Quotulatiousness

October 30, 2015

QotD: Maybe the Minnesota Vikings should also change their name

Filed under: Football, History, Humour, Quotations — Tags: , , , , , — Nicholas @ 01:00

After the fiancée-punching scandal the NFL suffered this fall, the league is working on an anti-domestic-violence campaign; a new public-service announcement featuring about two dozen pro footballers debuted this Thursday during the Chargers–Broncos game. But the question persists: How can the NFL paint itself as progressive while it permits one of its franchises to use a patently offensive team name? Calling a team “the Vikings” is grotesquely insensitive to everyone concerned about domestic abuse. Minnesota might as well call its team “the Pillagers” or “the Rapists.”

Of course, the public’s attitude toward Vikings has changed over the years. According to a piece in The Spectator by Melanie McDonagh, “the Vikings-as-peaceful-traders approach has now been academic orthodoxy for two generations.” But according to an Aberdeen University historian named David Dumville, whom the piece quotes, “We’re being invited to forget vast amounts.” Dumville “puts the fashion for cuddly Vikings squarely down to ‘Swedish war guilt about not participating in the [second world] war and American political correctness.’” In fact, McDonagh writes, “the Vikings’ cruelty and joy in battle put them in a class of their own.” Per the article’s title, “the Vikings really were that bad.” And according to the Huffington Post, new research done at the University of Oslo suggests that Vikings’ slaves and sex slaves would be beheaded and buried with their deceased masters. Is the NFL promoting rape culture?

Josh Gelernter, “Cleaning up the NFL”, National Review, 2014-10-25.

July 28, 2011

Is Breivik sane enough to prosecute?

Filed under: Europe, Law, Media — Tags: , , , , — Nicholas @ 12:20

Douglas Murray points out that Breivik’s actions even before the attacks would have marked him as insane:

Anders Behring Breivik believed himself a Knight Templar and awarded himself various military ranks accordingly. He also believed that he and other self-described Islamophobic racists had common cause with jihadis and that the USA has a Jewish problem. So even before he planted a car bomb in a civilian area and gunned down scores of young people, it would have been clear to anyone who bothered to question him that Breivik was insane.

Of course, no discussion of the Oslo massacre is complete without considering the media reaction:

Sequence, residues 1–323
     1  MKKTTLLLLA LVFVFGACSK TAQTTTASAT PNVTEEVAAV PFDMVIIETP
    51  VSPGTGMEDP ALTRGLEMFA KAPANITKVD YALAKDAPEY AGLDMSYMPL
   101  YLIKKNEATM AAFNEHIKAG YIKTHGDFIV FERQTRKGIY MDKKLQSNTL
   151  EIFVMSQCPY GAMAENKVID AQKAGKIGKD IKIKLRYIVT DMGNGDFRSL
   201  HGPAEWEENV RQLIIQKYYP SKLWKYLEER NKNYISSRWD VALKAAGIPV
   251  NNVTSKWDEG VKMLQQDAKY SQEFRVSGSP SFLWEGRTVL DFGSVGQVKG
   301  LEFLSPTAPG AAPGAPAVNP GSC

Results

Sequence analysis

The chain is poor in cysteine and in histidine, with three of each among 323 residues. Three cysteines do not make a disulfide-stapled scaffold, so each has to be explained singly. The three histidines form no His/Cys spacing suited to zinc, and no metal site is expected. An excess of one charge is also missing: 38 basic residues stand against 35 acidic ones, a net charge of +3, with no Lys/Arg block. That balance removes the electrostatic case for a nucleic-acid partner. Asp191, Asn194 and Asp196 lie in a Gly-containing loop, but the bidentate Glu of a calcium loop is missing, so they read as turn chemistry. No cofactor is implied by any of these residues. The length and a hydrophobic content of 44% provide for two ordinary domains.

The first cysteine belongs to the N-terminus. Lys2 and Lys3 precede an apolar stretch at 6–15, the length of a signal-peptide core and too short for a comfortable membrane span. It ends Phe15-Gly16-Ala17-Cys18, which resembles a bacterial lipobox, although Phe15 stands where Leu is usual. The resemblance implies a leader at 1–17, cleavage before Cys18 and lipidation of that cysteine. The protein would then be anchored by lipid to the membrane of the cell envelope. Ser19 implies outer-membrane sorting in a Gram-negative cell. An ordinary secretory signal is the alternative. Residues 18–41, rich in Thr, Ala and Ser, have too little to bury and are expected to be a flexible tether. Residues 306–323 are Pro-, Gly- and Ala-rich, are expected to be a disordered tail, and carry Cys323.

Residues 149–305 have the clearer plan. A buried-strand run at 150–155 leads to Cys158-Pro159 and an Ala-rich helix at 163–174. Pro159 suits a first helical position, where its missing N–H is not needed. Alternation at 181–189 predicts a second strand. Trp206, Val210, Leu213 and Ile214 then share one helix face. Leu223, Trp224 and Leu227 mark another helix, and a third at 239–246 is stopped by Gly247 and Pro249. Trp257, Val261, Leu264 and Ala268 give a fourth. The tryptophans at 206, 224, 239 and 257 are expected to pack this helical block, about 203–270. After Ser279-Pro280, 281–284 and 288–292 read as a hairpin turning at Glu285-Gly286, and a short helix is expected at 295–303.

But in the coverage since his atrocities first broke on to the world, two troubling tendencies have converged. The first is the search for reason in a mind that was clearly a stranger to it. The second is the tendency — particularly strong on the left — to use any horrific act as a megaphone for existing prejudices. In the aftermath of the shooting of Congresswoman Gabrielle Gifford in January, the left-wing media and politicians hunted for the right-wingers who they claimed had inspired the attack. That the gunman was not only a loner but a psychotic maniac was largely ignored as they rushed off excitedly to attack their ideological enemies. And so it is with Breivik.

For the past decade and more, every time an Islamist has blown something up, a chorus of voices — mainly from the left — has rightly said that ‘we shouldn’t jump to any conclusions’. But this time it was different. The Labour MP Tom Harris observed, with great frankness, that a ‘palpable relief that swept through the left when the identity of the terrorist was made known… Here, thank God, was a terrorist we can all hate without equivocation: white, Christian and far right-wing. Phew.’ So never mind not jumping to conclusions. When it seemed to emerge that, among many other things, the killer also claimed to be opposed to immigration and was fearful of Islam, that jump became a great leap towards group blame.

July 25, 2011

Mark Steyn responds to accusations that he “inspired” the attack in Oslo

Filed under: Europe, Media, Politics — Tags: , , — Nicholas @ 20:30

Mark Steyn is quoted in Norwegian terrorist Breivik’s “manifesto”, and this is being used to paint him and others as “inspiration” for the attacks. He responds: